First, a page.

Peco blazes through the tournament, but his knee begins to act up, leaving his future in question. Only Peco, Smile and Ryuichi remain at the end.

With this episode we begin the ascent to the climax. The showdowns that were foretold since the beginning will decide each character’s fate. Ping pong may be just an after-school pastime to the other players in the tournament, but the three protagonists are fueled as if by an existential burden: For whom am I playing? What do I really want to do with my life? Ping pong serves as a metaphor for finding yourself.

Two characters who dropped out of ping pong earlier return, seemingly unable to exit the gravitational field of the sport they love.

The long-haired Egami makes a typically brief appearance at the beginning before shooting off on another vector, this time apparently back towards table tennis. Having taken the classic journey around the world in search of himself, he seems to have failed, because he returns home unchanged and as uncertain as ever, always looking to the other side to see if the grass is greener. He may seem very different from the ping pong players, but deep down they’re all as lost and needy. He lives a more classical example of the anomie of growing up. Some of us never do grow up, and slump around grasping at straws trying to find meaning like an eternal Egami. He’s a combination of epic and comic, going on these epic journeys but only appearing briefly as a blip on the radar.

Sakuma, now apparently a ‘yankee,’ complete with pompadour and whiny nasal girlfriend in tow, pays his mentor Ryuichi a visit. Despite his appearance, he seems the most sensitive and wisest of the bunch, appearing at each character’s moment of crisis to push them in the right direction with words of tough love. He’s deeply attuned to masculine emotionality or ‘otoko no junjo’ at the heart of spokon.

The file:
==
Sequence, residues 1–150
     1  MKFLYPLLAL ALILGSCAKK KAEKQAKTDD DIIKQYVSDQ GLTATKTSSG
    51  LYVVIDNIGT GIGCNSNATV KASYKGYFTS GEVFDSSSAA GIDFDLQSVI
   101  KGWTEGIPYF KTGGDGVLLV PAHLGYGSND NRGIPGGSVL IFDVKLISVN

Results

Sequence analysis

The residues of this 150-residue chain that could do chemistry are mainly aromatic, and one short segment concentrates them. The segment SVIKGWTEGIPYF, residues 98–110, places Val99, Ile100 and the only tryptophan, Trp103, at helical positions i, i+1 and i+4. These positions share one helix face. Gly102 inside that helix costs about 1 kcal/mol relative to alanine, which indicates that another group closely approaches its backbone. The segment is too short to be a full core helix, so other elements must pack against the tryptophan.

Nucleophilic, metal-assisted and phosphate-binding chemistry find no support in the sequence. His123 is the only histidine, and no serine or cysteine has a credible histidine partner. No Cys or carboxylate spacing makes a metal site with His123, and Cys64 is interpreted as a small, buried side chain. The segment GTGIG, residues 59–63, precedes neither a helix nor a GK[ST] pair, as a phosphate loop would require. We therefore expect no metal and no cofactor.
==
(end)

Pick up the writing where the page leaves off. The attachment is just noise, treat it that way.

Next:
The crux of the episode is a dual confession. Warned to abort his match or risk damaging his knee, Peco admits that he’s not playing for himself, but for the ‘hero’ inside of him. The hero awaited by Smile. So he has to play. It’s almost as if he’s sacrificing himself to ensure that Smile plays to his full potential. Ryuichi, meanwhile, confesses to Sakuma that he’s playing for himself, while outwardly he tells his teammates he’s playing for the team.

Nothing remarkable or very different in terms of the quality. Only an admirably even directing style and feeling to the animation. The number of animation directors has crept up over the course of the show. Now it takes five animation directors to maintain the quality, most of them the same people we’ve seen before. Spots here and there jump out as being a bit nicer than the surroundings, while there are very brief occasional dips in quality. The portion during the match between Smile and Sanada had some of the more interesting shots of animation. When a ball approaches Sanada, we see its silhouette in the manner of a comic panel pushing him off the screen. No Yasunori Miyazawa this time around.

Ping Pong Episode 9: Gonna Cry A Bit

Series Structure:
Masaaki Yuasa
Episode Director: Ryota Ito
Chief Animation Director: Nobutake Ito
Animation Director: Sayaka Toda Naoyuki Asano
Keiko Okuda Kenji Shibata
Shoko Nishigaki
Key Animation: Natsuko Shimizu Satomi Higuchi
Yuka Matsuo Yuichi Ichihashi
Saori Koike Takashi Nakamichi
Soichiro Kubo Ran Kamezawa
Sonoka Kuroiwa Yuichiro Omuro
Aki Maeda Mua Tsukina
Ryo Nishikawa Takana Shirai
Nobutake Ito

Ben Ettinger

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